Schaal: What’s your view of Google’s pushing to activities at this point? They’re doing things to do.
Kern: Hopefully, it means they’re running out of stuff to do in other categories.
Schaal: I mean, yeah, no, I was looking at vacation rentals, I don’t think you’re participating in that, are you?
Kern: We pulled out of that. Look, I think, as I said, when Google provides a good customer experience and it’s useful to the supply community like us, we’ll participate. We’ll see what they do. Like many of these things, they’re trying to intermediate a space that they weren’t in before. It’s not the biggest category for us, so I guess that’s good news. It’s not the most dangerous thing in the world. But again, since you like connected trips so much, I think if people come to our sites and they want to actually book more than one thing, we will be the place to do it for sure. And so the benefit of going to Google and searching a zillion activities somewhere, I don’t know. I’m sure they’ll do a good job but we’re not spending a lot of time worrying about that right now.
Schaal: To me a connected trip is if I know the general manager at a hotel.
Kern: There you go. Some hotel owners are here, man, you can talk to Tyler (Morse, CEO of MCR Hotels).
Schaal: So you’ve been a big advocate for vaccine equity. Could you talk a little about that and why it’s so important?
Kern: Sure. I mean, listen, I’m not a scientist and I’m not a politician. I just think we are all facing in the travel industry the effects of unvaccinated people in the world. And I don’t just mean the fight in America about the choice of vaccinated or mandated or whatever, which is its own thing and I think people should follow the science. But we’re also fooling ourselves if we think we can fix it and then put up a wall around the country or around each country or whatever, or around the west. So variants will come, nobody should have been surprised by Delta, nobody should be surprised by Mu or new or whatever comes next. And the more people we can help get vaccinated, it’s good for the people, it’s good for their economies, it’s good for the global economy and it’s going to help us work this thing faster.
And look, the world is going to have to learn to live with COVID clearly. We’re not going to flip a switch and make it go away. And the notion that the U.S. or anybody is going to vaccinate everybody and close the place down. I mean, we’re all begging our industry to let travelers come from Europe who are vaccinated. We need the rest of the world to get vaccinated and personally, I think the private sector should help. So we did our part. We did our Give the World a Shot campaign. We gave $10 million to UNICEF after about a month of the campaign. Sadly in the travel industry, we don’t have bottomless pockets but maybe Google wants to throw in.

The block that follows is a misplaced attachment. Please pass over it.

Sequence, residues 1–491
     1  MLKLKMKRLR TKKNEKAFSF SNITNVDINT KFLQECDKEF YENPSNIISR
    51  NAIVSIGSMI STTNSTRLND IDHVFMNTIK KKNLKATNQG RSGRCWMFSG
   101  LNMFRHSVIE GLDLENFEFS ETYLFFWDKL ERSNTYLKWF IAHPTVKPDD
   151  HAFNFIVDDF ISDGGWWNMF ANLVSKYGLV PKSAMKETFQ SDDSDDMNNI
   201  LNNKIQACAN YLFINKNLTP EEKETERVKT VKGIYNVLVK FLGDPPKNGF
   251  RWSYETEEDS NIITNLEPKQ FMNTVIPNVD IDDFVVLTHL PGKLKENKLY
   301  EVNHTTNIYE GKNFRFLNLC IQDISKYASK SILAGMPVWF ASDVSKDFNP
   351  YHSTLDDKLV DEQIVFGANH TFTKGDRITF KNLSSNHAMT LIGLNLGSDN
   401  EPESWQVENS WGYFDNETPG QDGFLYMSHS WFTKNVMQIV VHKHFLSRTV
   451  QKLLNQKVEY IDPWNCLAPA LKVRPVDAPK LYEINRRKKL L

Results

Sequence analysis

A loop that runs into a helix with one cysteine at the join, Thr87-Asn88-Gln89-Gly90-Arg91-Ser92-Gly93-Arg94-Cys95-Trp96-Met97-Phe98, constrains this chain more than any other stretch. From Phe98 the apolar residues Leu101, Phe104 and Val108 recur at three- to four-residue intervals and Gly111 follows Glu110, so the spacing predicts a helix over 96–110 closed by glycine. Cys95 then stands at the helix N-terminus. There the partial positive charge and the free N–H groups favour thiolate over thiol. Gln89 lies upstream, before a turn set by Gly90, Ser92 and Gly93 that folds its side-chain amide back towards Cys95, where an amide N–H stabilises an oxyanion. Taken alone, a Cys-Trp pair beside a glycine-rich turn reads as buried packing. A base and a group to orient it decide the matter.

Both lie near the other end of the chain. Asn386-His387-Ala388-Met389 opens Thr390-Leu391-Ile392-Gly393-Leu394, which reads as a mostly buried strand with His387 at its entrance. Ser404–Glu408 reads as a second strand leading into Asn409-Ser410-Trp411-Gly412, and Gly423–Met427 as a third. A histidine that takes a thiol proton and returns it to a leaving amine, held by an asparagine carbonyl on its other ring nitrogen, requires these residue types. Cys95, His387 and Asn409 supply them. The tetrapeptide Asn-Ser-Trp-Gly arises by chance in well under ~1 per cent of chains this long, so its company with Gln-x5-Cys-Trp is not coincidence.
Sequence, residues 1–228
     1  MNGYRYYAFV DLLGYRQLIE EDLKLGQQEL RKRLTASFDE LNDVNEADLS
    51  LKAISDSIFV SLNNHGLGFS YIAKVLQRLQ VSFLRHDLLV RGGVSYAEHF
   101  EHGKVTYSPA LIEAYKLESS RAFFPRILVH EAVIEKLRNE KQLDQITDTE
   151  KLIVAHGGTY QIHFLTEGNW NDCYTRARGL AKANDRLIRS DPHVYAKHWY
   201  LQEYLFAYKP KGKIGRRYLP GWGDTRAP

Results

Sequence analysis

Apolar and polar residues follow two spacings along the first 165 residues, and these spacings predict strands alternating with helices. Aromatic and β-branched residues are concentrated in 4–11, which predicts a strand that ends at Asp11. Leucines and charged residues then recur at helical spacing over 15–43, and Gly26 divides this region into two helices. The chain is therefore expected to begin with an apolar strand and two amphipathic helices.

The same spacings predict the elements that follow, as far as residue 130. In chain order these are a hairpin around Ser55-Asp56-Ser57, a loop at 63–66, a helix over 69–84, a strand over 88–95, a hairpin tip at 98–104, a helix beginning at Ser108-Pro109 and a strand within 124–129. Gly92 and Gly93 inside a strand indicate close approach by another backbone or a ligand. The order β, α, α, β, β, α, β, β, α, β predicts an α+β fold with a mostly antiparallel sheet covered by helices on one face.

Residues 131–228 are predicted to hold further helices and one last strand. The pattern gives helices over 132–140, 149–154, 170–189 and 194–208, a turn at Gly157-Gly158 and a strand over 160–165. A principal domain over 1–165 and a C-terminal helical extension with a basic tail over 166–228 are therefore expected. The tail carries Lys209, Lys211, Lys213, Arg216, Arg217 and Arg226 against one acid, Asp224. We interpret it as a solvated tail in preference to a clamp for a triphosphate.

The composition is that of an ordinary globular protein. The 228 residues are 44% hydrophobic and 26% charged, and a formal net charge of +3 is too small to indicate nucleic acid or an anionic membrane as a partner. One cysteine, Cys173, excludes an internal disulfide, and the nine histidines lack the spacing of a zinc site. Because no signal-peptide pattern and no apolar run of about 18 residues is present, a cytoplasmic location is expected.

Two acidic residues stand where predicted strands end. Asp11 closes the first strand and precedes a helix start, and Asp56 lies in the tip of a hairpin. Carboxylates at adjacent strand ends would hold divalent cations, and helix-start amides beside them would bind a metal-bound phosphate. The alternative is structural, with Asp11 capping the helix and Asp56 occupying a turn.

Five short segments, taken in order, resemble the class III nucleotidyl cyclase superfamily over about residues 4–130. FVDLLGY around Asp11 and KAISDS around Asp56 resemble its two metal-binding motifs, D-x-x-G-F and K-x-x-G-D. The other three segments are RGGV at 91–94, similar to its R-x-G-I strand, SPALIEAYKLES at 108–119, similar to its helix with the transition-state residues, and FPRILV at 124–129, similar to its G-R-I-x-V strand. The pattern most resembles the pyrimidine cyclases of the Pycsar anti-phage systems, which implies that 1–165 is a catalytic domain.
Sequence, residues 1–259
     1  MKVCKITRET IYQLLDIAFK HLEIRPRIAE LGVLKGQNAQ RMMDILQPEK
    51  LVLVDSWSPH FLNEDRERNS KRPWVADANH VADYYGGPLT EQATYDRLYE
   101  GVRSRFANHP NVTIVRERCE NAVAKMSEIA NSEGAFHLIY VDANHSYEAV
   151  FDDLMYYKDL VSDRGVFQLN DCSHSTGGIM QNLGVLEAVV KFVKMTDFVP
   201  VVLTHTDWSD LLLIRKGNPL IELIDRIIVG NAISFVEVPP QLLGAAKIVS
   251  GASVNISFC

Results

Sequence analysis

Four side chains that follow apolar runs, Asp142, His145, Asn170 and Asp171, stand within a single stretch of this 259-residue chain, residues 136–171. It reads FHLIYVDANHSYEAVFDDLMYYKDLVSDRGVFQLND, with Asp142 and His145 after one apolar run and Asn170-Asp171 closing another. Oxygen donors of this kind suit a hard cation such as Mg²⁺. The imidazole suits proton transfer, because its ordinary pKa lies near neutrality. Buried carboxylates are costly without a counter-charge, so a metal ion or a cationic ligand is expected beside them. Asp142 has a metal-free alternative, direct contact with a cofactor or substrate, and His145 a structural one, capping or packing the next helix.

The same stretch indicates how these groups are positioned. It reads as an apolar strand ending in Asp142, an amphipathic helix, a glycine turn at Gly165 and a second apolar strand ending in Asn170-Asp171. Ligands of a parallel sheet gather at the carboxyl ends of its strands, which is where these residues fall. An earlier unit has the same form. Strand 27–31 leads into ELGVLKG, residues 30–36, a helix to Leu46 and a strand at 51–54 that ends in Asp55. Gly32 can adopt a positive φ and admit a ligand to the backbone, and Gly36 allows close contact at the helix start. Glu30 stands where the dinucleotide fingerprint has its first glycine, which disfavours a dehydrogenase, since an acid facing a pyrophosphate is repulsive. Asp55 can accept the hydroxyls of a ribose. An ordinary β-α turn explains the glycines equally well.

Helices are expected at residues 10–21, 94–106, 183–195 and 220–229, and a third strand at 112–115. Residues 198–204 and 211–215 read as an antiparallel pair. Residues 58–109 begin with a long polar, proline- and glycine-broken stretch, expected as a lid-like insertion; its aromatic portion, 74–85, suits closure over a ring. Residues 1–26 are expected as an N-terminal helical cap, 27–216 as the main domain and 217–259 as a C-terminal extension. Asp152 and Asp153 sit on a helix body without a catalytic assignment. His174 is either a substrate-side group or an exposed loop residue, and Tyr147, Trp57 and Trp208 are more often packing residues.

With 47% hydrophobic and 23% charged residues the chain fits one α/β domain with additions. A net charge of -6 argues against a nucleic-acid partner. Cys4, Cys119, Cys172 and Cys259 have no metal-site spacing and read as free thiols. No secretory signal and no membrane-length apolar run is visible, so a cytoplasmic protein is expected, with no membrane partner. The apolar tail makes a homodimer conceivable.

Schaal: Because they have bottomless pockets.
Kern: They do have bottomless pockets. Exactly.
Schaal: Just along the same lines, do you think online travel agencies have any responsibility towards communities? I mean, you’re trying to just drive bookings. Should you be just driving as many bookings as possible to places like Amsterdam or Venice? What do you see as your responsibility?
Kern: Yeah, I think, the last panel did a good job of talking about and thinking about responsible tourism. And I think it takes many forms. It’s obviously many of the things they were talking about — community, it’s environmental. We can all talk about the cruise ships in Venice or the various things. Sure, there are a few places that have been overtraveled. And it may well be that my friend Brian is right that the pandemic has opened people’s eyes to more places to go to. But I think our responsibility is helping consumers understand their choices, helping them understand how they can make sustainable choices, how they can find the right hotels or the right places to go that represent things and helping them with discovery so they can find out that they should go to Africa and visit a place they hadn’t thought of. And that’s part of our role as an OTA is we can give information and help people make good choices.
Schaal: We’re out of time. But I just had this idea: Maybe we should get you and Brian on stage together next year.
Kern: I’d love to. Listen, Brian is amazing, I just disagree with him on this point.
Schaal: Okay. Anyway, thanks, I appreciate it.
Kern: Yeah. Thanks.